USING REMOTE SENSING & MODELING FOR EVALUATING HYDROLOGIC FLUXES, STATES, & CONSTITUENT TRANSPORT PROCESSES WITHIN AGRICULTURAL LANDSCAPES
Title: Building climate resilience in the Blue Nile/Abay Highlands: Part II-arole for earth system sciences
Submitted to: International Journal of Environmental Research and Public Health
Publication Type: Peer Reviewed Journal
Publication Acceptance Date: January 21, 2012
Publication Date: January 30, 2012
Citation: Zaitchik, B.F., Simane, B., Habib, S., Anderson, M.C., Ozdogan, M., Foltz, J.D. 2012. Building climate resilience in the Blue Nile/Abay Highlands: Part II-arole for earth system sciences. International Journal of Environmental Research and Public Health. 9:435-461.
Interpretive Summary: The Highlands area in Ethiopia surround the headwaters of the Blue Nile (Abay) and Atabara rivers, which provide 86% of the water to the River Nile when it joins with the White Nile in Khartoum. Water quantity and quality issues in the Abay region therefore impact water resources in many downstream riparian countries. The subsistence farming system that has developed in the Abay Highlands is highly sensitive to climate extremes, both flooding and drought. In addition, erosion stemming from agricultural practices is delivering an ever increasing load of sediment down the Blue Nile, with ramifications both for local soil tilth and sedimentation of dams downstream. Strategies for addressing these dual challenges of building climate resilience and reducing land degradation will be benefited by development of relevant Earth System Science (ESS) information datastreams, providing real-time regional climate and hydrologic information. Importantly, these datastreams must also include information regarding uncertainties in future conditions, relating to climate change. Both baseline and uncertainty data are critical for developing effective adaptive strategies. This paper summarizes several ESS data products that might be valuable for the Abay region, including satellite-based landscape classification and erosion monitoring, downscaled precipitation forecasts, and satellite-based evapotranspiration maps. Importantly, if these datastreams are to have a lasting impact on climate adaptation, ESS studies of climate impacts and climate resilience options must be nested in an interdisciplinary, multi-stakeholder conversation on climate adaptation options.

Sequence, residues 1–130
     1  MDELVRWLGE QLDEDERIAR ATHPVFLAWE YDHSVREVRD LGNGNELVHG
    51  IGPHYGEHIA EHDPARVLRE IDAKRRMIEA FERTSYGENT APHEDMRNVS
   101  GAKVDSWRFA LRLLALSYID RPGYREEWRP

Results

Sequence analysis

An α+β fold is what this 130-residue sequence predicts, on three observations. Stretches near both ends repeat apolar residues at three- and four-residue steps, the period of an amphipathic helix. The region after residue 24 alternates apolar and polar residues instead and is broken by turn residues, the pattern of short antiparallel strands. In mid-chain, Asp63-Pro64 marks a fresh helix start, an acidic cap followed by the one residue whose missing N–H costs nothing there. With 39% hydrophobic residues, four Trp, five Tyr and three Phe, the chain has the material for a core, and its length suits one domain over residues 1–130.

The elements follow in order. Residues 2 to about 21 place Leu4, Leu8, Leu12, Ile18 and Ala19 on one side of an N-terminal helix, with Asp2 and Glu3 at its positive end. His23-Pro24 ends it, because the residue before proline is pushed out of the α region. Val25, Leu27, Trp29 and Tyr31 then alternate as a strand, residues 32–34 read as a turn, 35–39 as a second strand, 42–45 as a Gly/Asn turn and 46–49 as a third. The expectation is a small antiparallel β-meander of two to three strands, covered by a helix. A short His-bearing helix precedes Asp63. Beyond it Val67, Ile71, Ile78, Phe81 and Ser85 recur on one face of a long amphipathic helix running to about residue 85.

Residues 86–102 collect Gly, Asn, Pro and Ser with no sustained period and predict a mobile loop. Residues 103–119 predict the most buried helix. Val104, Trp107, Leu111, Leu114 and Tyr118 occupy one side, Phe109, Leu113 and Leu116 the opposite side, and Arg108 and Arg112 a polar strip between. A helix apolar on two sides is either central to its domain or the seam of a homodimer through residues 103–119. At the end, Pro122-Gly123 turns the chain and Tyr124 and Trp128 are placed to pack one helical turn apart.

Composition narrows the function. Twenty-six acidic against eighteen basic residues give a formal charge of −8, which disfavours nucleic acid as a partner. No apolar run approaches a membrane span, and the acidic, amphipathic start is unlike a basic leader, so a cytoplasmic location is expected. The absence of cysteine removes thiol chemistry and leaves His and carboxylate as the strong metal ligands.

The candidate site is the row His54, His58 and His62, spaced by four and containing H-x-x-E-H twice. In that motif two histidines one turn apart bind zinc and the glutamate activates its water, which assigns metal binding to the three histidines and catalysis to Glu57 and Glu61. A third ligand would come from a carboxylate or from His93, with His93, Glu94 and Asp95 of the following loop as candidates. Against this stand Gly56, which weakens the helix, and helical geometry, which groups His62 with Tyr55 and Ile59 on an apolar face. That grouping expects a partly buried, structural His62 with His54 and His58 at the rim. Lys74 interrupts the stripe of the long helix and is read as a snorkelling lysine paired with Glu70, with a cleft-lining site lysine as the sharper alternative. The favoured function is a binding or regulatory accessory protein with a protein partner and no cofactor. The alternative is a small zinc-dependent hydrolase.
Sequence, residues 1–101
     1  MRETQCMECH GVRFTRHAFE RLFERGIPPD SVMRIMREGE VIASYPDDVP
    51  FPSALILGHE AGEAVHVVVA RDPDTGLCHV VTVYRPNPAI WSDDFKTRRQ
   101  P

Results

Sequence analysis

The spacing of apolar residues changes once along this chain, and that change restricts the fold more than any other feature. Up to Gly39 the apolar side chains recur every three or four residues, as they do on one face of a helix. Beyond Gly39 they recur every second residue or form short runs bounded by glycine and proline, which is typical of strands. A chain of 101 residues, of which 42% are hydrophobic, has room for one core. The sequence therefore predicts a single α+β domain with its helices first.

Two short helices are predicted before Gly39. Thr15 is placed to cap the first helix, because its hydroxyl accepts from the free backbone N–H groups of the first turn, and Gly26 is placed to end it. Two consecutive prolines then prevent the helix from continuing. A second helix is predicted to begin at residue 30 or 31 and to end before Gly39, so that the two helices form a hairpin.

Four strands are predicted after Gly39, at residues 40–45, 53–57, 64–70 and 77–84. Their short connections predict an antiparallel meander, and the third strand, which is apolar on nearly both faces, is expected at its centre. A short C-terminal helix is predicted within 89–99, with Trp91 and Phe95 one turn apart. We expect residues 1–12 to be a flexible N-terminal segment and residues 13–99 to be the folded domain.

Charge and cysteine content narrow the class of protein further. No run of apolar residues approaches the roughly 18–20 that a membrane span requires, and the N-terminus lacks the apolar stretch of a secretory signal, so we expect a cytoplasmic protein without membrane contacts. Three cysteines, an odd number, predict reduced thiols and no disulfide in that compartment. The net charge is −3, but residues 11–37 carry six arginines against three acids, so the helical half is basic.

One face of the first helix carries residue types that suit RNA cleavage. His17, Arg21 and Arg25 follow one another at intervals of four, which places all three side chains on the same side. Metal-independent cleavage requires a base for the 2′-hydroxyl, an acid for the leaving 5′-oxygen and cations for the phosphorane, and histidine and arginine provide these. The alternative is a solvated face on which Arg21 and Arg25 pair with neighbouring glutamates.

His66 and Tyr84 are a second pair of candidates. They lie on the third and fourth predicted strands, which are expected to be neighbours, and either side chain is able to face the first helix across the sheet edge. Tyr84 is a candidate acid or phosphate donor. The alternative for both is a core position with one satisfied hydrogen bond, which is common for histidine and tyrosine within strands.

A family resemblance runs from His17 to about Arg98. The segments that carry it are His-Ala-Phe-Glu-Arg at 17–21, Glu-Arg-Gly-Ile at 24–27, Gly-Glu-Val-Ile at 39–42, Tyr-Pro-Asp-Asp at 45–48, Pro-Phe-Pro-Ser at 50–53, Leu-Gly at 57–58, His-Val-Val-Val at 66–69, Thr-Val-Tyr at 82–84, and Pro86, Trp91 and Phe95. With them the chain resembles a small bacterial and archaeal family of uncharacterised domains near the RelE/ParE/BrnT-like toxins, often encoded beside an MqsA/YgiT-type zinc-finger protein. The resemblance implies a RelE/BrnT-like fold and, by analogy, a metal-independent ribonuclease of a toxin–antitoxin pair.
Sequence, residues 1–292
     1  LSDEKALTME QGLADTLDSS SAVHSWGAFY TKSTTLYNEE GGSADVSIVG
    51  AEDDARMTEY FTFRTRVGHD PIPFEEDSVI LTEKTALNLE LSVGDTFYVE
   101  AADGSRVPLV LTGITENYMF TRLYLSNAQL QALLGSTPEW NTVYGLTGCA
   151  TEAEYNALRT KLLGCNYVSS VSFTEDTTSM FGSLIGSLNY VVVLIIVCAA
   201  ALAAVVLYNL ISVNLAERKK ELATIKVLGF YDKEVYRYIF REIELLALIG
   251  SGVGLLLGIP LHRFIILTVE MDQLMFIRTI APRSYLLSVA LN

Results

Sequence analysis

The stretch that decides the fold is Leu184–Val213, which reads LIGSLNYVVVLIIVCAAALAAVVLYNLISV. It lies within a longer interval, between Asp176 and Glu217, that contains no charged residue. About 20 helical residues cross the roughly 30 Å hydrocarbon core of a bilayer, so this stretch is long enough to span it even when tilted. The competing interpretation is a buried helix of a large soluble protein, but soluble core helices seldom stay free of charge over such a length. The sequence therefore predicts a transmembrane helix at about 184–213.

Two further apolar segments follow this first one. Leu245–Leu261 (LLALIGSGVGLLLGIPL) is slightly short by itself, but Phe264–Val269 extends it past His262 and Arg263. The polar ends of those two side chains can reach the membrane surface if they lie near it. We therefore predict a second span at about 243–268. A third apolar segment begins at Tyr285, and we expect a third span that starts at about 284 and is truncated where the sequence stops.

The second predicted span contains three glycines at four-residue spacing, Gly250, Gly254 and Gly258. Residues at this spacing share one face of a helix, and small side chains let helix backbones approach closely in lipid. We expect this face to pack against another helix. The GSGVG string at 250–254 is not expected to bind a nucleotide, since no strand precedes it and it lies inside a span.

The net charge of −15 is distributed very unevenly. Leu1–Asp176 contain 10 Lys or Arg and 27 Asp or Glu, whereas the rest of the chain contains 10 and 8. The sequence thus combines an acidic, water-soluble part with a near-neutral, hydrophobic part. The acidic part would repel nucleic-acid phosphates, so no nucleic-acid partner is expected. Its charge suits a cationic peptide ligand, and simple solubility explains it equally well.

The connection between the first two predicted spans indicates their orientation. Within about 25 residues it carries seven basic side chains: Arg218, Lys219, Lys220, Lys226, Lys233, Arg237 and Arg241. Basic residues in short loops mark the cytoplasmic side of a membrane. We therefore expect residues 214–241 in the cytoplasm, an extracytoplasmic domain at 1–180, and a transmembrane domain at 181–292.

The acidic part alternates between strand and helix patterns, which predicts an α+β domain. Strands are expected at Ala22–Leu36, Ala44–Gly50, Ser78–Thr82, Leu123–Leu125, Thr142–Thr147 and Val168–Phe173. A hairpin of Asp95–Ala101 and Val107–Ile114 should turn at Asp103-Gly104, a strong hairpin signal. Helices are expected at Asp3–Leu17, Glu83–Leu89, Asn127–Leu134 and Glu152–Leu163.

The Blue Nile (Abay) Highlands of Ethiopia are characterized by significant interannual climate variability, dissected topography and associated local climate contrasts, erosive rains and erodible soils, and intense land pressure due to an increasing population and an economy that is almost entirely dependent on smallholder, low-input agriculture. As a result, these highland zones are highly vulnerable to negative impacts of climate variability. As patterns of variability and precipitation intensity alter under anthropogenic climate change, there is concern that this vulnerability will increase, threatening economic development and food security in the region. In order to overcome these challenges and to enhance sustainable development in the context of climate change, it is necessary to establish climate resilient development strategies that are informed by best-available Earth System Science (ESS) information. This requirement is complicated by the fact that climate projections for the Abay Highlands contain significant and perhaps irreducible uncertainties. A critical challenge for ESS, then, is to generate and to communicate meaningful information for climate resilient development in the context of a highly uncertain climate forecast. Here we report on a framework for applying ESS to climate resilient development in the Abay Highlands, with a focus on the challenge of reducing land degradation. A companion paper addresses methods to incorporate this information into community-based resilience strategies.